J. Cole's Final Song on 'KOD' Has Fans Thinking He's Referencing These Rappers

Let the theories stack up.

J. Cole dropped his new album KOD Friday. Though it is indeed 4/20 and the thought of meticulously parsing through lyrics sounds like a bit of a stretch in that context, fans have wasted no time doing so. "1985 (Intro to 'The Fall Off')," specifically, is receiving quite a bit of attention for its closing moments.

Though Cole opens the final KOD track with a nod to his own birth year and some encouragement for the latest wave of rap stars, Cole eventually takes a more critical tone. Cole doesn't call anyone out by name, of course, but fans quickly pointed to lyrical excerpts that they feel show Cole is talking about a specific assortment of fellow artists, including Lil Pump.

Some have even theorized that Cole is also sharing words of criticism and/or wisdom for Lil Uzi Vert and Smokepurpp. Below, because hey why not, we've broken down the fan theories surrounding "1985." Who, exactly, is Cole trying to reach?

Lil Pump

Lil Pump

Is it me or J cole just dissed the fuck outta lil Pump

— Denzel Curry (@denzelcurry) April 20, 2018

Lil Pump listening to J Cole's "1985" like...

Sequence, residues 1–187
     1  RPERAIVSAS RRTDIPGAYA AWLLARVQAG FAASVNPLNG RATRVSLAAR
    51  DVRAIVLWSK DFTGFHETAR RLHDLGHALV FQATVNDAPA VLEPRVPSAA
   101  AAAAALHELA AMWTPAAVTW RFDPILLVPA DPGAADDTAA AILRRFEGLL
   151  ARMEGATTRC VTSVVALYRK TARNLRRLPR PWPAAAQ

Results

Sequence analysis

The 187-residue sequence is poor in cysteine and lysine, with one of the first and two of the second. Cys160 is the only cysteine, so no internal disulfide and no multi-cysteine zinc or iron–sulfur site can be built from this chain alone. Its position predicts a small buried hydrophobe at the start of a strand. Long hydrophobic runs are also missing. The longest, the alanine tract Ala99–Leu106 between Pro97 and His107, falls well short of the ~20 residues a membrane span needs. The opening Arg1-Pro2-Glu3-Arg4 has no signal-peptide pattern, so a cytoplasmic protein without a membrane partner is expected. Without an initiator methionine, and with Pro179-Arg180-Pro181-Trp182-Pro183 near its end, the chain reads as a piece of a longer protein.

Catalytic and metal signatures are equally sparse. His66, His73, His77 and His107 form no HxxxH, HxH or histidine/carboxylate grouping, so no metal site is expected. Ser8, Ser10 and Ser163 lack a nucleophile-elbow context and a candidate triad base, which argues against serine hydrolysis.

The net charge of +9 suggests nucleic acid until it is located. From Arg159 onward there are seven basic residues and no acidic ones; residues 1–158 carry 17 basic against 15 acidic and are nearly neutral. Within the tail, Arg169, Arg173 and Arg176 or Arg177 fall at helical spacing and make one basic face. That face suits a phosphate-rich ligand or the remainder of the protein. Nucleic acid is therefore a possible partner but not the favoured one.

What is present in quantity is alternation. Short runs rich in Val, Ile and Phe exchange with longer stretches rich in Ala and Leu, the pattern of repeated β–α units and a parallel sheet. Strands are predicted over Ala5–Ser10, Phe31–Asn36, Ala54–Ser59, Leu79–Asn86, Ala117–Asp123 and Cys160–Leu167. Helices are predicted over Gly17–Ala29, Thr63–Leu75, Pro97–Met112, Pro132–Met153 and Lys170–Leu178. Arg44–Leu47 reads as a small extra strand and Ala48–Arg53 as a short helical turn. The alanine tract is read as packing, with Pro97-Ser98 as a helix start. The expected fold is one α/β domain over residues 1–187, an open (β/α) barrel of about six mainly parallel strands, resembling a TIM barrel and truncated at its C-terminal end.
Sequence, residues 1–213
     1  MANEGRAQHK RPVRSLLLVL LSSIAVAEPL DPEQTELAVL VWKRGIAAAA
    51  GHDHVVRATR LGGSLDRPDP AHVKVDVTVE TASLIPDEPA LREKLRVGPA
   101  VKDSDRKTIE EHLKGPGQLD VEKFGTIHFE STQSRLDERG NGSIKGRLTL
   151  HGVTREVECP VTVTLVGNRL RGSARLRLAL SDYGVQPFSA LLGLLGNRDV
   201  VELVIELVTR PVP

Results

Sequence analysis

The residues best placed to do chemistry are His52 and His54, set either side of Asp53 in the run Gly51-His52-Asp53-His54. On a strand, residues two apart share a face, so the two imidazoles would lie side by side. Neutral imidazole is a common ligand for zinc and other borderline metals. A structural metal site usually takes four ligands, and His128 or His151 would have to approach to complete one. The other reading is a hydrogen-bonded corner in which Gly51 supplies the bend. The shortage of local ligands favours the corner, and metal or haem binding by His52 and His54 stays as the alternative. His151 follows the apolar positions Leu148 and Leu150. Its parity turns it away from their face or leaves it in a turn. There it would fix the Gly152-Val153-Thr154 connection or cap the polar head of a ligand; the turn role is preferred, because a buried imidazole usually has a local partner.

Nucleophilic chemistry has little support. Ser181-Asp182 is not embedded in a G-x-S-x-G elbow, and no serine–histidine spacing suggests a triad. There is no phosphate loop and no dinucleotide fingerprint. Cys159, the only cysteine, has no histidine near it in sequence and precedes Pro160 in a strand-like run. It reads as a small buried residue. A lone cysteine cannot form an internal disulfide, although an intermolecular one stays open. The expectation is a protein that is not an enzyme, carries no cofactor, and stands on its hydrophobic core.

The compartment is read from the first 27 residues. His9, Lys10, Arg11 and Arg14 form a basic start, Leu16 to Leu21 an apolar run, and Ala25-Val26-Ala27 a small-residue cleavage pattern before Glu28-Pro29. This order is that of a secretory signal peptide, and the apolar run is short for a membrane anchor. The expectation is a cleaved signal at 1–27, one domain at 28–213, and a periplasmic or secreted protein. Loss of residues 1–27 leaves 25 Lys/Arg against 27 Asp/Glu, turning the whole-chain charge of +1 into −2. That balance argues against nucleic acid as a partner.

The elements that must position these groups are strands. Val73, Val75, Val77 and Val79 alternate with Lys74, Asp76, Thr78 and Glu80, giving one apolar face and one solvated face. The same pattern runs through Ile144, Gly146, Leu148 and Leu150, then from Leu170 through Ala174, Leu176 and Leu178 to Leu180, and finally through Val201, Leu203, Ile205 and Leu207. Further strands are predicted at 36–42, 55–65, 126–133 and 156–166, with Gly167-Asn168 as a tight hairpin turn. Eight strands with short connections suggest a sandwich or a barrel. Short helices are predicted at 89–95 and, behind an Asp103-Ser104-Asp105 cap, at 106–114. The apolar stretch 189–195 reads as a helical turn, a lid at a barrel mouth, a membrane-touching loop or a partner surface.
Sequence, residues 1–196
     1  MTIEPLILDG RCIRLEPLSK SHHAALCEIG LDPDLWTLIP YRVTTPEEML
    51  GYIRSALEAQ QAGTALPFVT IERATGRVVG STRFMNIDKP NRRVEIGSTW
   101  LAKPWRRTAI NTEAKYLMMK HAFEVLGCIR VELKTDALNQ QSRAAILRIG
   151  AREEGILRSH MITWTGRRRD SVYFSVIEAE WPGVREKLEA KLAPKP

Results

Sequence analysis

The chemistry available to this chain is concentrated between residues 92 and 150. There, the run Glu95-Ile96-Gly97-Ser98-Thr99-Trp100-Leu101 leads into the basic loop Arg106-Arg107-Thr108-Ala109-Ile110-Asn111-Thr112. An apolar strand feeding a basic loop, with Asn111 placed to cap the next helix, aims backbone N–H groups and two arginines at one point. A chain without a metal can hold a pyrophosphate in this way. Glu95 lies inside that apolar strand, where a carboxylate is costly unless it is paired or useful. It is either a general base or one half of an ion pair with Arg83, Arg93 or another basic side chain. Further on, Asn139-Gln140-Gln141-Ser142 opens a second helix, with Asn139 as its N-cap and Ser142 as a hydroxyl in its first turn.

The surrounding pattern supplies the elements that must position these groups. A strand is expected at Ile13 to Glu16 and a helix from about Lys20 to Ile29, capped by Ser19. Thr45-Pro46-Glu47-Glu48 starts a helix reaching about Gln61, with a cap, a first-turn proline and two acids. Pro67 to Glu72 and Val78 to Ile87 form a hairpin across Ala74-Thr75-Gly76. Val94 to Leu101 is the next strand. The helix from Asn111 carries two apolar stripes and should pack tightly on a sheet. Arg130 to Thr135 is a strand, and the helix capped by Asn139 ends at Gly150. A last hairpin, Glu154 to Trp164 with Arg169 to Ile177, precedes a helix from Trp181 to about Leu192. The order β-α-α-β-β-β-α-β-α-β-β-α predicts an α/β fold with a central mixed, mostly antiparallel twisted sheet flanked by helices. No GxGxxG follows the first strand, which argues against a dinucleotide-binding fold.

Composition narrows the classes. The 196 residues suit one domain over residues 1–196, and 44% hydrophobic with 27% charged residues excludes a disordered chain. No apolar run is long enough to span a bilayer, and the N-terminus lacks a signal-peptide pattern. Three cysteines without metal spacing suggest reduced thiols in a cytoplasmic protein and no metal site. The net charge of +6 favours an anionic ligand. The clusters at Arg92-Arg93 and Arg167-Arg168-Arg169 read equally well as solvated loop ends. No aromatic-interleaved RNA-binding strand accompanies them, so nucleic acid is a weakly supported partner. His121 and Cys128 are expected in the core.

Should have left the man alone, pump. pic.twitter.com/3OfH01qrA2

— Sup (@TSSxJason) April 20, 2018

This is the most seemingly obvious one. Pump, as you recall, dropped a preview of a track tentatively titled "Fuck J. Cole" last April. Pump has also spent time slamming Cole on social media. "FUCK J COLE & FUK DAT LYRICAL SHIT," he once said. In "1985," Cole speaks of being surprised by someone who dissed him before then advising them to stay on the road if they want to earn money:

I ain't trippin', listen good to my reply

Come here lil man, let me talk with ya

See if I can paint for you the larger picture

Congrats 'cause you made it out your mama's house

I hope you make enough to buy your mom a house

As others have noted, later lines in the song—like "but I love to see a black man get paid"—would not apply to Pump. Still, Pump seemingly responded later Friday:

Lil Pump reacts to J Cole supposedly dissing him on his new album ‘KOD’ 👀 @lilpump @JColeNC pic.twitter.com/7ya0hn17AN




Lmfaooooooooo j cole dedicated a whole song to @smokepurpp

— zion gueroson (@guerotron) April 20, 2018

Smokepurpp, who feels that Pump is a better artist than Cole, clarified to Montreality back in January that his and Pump's Cole-related actions were merely part of an intentional trolling. Still, Smokepurpp just one year earlier issued a public challenge to both Cole and Kendrick Lamar. As Genius notes, the aforementioned "but I love to see a black man get paid" line could be interpreted as being aimed at Smokepurpp instead of Pump:

I must say, by your songs I'm unimpressed

But I love to see a Black man get paid

And plus you havin' fun and I respect that

But have you ever thought about your impact?

Lil Uzi Vert

Lil Uzi Vert

I can still love @LILUZIVERT and love @JColeNC for bodying all “lil” rappers...

Calm y’all asses down #jcoleKOD

— ϛϛ| S. VADY | ϛϛ (@malikaiiinoue) April 20, 2018

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